Why does fresh air make you sleepier??

Discussion in 'Human Science' started by Syzygys, Mar 12, 2011.

  1. Syzygys As a mother, I am telling you Valued Senior Member

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    1. Let's say you sit inside 3 hours watching TV. Now you do the same, sit outside and read a book in the breeze, and you get much sleepier/tired. Why?

    I assume it has something to do with more oxygen in the air. In a closed environment the breathed out air sooner or later fills up the room, and less oxygen enters the brain, slowing the body down. At least that is my theory.

    2 Well, since we are at it, why in the winter one gets more tired than let's say in the spring? 1 hour of dogwalking in the cold makes me way more sleepy, than doing the same in warm weather. Here my theory says that in the cold the body has to work extra to warm up the air before it reaches the lung, thus more energy is used for the same activity. Is that right?
     
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  3. Syzygys As a mother, I am telling you Valued Senior Member

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    Well, after googling problem #1, here are some possible answers:

    a/ "Fresh air helps to relax and unwind the body and increases levels of endorphins (body's own feel-good hormones) which leads to a feeling of tiredness."

    b/ "When a wave breaks, the force of the breaking wave makes oxygen (O2) turn into something called ozone (03). So when you breathe it in, you're breathing in extra oxygen and so you feel invigorated. However, when you come away from it and begin to breathe the normal amount of oxygen again you feel tired. It's like coming down off a high."

    c/ "Fresh air doesn't really make someone feel tired, but the activities that are done outside make one tired." <<<<< this doesn't apply, since we are talking about the same activities, sitting inside and outside
     
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  5. keith1 Guest

    When one is driving long distances and get tired, yet want to keep moving without drugs, or stopping for a roadside nap, you roll the window down and breath in some fresh air, and let the wind blow on your face, to wake up. You can also move your toes, as this works the longest nerve transits to your brain.

    You may be getting mixed conclusions, because reading requires more effort to assimilate information than watching/listening to TV?

    Winter time has many applicable instances of hibernating influences and slower metabolic operations, which should also place doubt in your theories.
     
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  7. Me-Ki-Gal Banned Banned

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    fresh air and exercise have a tendency to wake me up. I worked out side most of my life and if I eat a big long lunch that will make me tiered , but I always thought it was the relaxation of sitting and eating that caused the lazy feeling. Once I would get going ( Moving around ) I would wake back up and perform my work duties. Saturdays in the house sleeping on the couch is tiered time for me ( in the house ) Movie watching sleeping , that is if my wife is not needling me to stay awake.
     
  8. wynn ˙ Valued Senior Member

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    I too have noticed this, I can't read outside, I get sleepy within minutes. Although my neighbor often works on her laptop outside and she doesn't seem to have any problems.

    I think the tiredness may have something to do with the discrepancy between the amount of fresh air and the kind of activity one engages in. Namely, it seems it is normal to do more physically vigorous things when there is more fresh air. But to deliberately slow down in such a situation (in order to read or watch tv) is unnatural, takes up energy, hence the tiredness.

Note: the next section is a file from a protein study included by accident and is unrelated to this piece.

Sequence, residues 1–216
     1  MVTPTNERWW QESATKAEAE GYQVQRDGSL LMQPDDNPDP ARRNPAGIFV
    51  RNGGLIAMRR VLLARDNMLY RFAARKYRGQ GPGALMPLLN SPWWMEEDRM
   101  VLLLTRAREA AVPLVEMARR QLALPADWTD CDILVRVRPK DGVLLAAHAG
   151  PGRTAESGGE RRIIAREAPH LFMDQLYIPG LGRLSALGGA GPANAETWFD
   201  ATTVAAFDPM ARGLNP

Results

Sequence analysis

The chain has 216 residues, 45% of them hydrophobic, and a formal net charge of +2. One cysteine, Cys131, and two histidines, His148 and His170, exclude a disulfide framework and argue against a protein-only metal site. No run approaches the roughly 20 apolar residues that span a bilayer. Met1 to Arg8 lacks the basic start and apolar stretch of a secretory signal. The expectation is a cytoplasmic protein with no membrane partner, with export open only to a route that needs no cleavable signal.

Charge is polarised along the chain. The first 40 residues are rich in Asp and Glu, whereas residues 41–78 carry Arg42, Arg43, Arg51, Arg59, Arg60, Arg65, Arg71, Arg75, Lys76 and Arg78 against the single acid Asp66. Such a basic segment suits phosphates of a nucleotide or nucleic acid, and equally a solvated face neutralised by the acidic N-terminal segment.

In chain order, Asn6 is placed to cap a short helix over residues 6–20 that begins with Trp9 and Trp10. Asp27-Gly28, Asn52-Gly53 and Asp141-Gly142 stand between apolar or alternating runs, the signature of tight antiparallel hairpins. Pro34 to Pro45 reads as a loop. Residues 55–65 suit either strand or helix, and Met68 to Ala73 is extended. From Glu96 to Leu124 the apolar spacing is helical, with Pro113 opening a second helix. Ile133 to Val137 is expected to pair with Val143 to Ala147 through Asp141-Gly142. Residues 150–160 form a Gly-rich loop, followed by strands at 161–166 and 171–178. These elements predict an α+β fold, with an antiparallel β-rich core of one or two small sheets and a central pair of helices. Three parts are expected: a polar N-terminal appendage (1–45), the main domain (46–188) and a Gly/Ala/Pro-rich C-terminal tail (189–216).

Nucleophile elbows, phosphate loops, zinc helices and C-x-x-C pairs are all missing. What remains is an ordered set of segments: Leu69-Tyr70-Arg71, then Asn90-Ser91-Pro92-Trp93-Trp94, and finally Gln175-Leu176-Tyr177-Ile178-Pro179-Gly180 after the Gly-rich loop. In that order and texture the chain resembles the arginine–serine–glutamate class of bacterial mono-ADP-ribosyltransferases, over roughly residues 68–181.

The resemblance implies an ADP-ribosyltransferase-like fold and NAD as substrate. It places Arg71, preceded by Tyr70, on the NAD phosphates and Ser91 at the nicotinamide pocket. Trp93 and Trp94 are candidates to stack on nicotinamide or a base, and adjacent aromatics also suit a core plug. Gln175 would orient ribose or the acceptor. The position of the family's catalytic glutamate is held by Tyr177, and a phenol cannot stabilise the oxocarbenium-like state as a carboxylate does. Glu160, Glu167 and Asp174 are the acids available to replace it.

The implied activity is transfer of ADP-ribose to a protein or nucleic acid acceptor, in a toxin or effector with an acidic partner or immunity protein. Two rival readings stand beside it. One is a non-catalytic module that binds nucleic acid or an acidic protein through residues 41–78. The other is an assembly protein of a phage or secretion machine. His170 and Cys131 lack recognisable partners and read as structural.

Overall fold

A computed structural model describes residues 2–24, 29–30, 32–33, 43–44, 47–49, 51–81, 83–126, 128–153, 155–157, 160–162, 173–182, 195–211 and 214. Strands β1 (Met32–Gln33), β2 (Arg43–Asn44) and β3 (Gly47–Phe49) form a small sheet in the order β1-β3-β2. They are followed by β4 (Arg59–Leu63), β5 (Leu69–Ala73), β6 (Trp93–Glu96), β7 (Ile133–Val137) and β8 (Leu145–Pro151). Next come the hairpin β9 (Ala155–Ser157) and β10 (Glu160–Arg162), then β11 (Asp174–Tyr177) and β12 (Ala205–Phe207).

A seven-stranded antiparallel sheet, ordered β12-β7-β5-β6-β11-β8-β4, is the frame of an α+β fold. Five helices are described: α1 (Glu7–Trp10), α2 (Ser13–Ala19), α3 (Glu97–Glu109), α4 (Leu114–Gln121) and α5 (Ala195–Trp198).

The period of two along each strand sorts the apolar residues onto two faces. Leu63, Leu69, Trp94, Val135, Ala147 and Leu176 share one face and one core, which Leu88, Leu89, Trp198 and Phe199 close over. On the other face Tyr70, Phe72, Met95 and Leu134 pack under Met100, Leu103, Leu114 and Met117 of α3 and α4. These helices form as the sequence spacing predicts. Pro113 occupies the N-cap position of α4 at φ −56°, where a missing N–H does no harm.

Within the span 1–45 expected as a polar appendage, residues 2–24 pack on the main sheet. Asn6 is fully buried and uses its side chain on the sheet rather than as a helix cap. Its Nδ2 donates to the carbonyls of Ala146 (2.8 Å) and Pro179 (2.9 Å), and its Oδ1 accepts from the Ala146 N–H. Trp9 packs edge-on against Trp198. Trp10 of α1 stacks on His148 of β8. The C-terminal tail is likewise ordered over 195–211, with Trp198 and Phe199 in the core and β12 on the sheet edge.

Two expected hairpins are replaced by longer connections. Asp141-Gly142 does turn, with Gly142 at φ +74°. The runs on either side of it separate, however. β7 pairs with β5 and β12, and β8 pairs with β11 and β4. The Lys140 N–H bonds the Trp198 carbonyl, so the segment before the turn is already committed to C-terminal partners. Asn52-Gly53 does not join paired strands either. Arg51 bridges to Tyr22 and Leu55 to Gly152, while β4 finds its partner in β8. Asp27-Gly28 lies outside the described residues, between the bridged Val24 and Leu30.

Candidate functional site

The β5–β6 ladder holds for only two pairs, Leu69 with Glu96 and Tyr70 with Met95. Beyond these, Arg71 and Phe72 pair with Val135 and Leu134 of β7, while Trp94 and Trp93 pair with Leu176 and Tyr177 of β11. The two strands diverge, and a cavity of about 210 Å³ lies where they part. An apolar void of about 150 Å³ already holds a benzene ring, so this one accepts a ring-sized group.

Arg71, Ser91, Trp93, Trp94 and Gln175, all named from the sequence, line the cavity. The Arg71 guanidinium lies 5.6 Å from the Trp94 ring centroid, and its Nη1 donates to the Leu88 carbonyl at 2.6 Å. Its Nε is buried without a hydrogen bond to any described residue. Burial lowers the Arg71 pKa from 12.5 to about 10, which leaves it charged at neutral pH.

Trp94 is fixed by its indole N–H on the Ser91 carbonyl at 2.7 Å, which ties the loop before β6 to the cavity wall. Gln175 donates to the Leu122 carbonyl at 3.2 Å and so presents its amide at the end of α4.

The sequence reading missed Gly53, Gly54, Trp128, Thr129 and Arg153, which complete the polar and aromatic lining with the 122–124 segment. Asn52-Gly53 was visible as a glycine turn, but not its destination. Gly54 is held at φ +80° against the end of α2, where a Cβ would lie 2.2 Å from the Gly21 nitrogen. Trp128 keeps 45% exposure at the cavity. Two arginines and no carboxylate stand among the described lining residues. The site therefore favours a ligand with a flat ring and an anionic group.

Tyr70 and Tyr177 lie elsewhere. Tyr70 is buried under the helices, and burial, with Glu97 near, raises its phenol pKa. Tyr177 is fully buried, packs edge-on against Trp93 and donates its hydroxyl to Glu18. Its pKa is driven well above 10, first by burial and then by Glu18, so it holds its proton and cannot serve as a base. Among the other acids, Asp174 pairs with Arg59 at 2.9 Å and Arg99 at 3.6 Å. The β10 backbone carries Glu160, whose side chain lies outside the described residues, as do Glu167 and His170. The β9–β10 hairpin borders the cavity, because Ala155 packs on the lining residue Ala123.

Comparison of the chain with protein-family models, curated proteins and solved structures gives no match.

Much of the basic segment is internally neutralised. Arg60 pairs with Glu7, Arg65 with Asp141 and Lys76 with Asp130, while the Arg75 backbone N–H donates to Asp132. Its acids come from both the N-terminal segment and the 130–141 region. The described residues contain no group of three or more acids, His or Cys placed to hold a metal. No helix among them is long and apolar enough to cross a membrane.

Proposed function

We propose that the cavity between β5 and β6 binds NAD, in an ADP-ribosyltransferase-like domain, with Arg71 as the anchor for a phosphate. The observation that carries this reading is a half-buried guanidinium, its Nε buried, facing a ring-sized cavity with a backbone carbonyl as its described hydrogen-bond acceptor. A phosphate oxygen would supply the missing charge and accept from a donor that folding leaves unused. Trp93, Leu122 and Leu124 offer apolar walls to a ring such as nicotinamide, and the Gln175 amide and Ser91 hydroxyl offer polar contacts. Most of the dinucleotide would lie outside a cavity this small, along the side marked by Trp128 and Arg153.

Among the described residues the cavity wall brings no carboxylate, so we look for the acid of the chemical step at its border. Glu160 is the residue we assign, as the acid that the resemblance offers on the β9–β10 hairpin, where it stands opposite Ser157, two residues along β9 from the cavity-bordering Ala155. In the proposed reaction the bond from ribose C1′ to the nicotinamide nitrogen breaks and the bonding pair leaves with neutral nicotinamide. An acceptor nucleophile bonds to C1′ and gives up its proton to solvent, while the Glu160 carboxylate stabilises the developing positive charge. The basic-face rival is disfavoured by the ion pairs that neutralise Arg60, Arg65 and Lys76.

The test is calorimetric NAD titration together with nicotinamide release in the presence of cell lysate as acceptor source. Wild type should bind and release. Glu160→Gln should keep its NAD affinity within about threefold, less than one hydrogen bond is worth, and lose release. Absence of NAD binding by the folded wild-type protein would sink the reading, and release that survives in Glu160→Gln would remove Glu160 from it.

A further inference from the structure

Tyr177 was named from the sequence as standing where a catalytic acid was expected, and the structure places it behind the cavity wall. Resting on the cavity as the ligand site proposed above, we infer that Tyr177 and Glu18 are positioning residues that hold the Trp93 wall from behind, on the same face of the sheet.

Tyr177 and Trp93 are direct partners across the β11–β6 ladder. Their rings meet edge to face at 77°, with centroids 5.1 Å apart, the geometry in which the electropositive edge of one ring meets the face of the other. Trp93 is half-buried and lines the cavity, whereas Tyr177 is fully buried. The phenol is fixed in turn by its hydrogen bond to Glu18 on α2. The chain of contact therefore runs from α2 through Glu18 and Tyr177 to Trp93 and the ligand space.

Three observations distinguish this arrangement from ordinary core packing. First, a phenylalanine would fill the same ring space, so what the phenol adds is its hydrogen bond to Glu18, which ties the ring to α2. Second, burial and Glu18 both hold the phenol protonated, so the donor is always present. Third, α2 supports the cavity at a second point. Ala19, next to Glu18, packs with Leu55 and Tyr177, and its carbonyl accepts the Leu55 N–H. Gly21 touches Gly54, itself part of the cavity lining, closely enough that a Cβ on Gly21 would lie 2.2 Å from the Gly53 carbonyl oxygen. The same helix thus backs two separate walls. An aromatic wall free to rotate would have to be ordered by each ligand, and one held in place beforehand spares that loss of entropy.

Although I presume that the actual interest that a person has in an activity plays an important part as well.
    I suppose that if I were reading a book that I really really like, I could stay focused and awake no matter where I would read, indoors or outside.
     
  9. Syzygys As a mother, I am telling you Valued Senior Member

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    Also the weather type might play a role. Let's say 60 degrees but cloudy with slight rain is less tiring than a sunny, windy 40 degree spring weather. Again, it is possible that the wind keeps refreshing the oxygen around the person.
    Metabolism (breathing and living) is basicly slow burning. When more oxygen is provided for burning, the process speeds up, like a fire burning faster when blowing at it. That's why people living in high altitute live longer, because there is less oxygen there (and they get more exercise too).
    So in a closed space the body gets less and less oxygen after a while, and the metabolism slows down (I assume). Faster metabolism and activity makes us more tired...

    At least that is MY explanation...
     
  10. Fraggle Rocker Staff Member

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    I have never had this experience. I find fresh air invigorating whereas it's easy to doze off indoors, even in my office.
    I have also never had this experience. The summer heat makes me depressed and lethargic. Sure, everybody loves spring because you can finally go outside without a stocking cap and moon boots, and you don't have to dig your car out of the snow, scrape the ice off your windshield, and let the heater warm up for five minutes before you can stand to drive it.

    But I find winter rather invigorating. Of course my dogs are Lhasa Apsos, a Tibetan breed, and they love snow more than anything. They'll stay out in it all day and run me ragged. The rest of the year they just sit on the sofa with me watching TV.
    Unless you're in Saskatchewan, your air passages warm up the air pretty fast. On the contrary, in the summer your body has to devote considerable resources to keep from overheating. Heat stroke happens to people all the time and it's nothing to sneer at.

    Sure, in the winter you might drink a couple extra cups of tea in the course of a day to stay warm and cozy. But in the summer you might drink an extra gallon of cold water--or beer.
     
  11. John99 Banned Banned

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    The weather certainly plays a role, as well as factors like noise and others contributing to a perceived serene atmosphere.

    Basically it's what makes you at ease. A room or any kind of confined space, either psychical or psychological does the opposite. Obviously i am alluding to the psychological and the psychical is just a given...well where we would say obvious factors.
     
  12. John99 Banned Banned

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    Therefore the openness is the main factor with being physically comfortable an obvious requirement.
     
  13. chimpkin C'mon, get happy! Registered Senior Member

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    Funny, cold wakes me up. Heat makes me sleepy.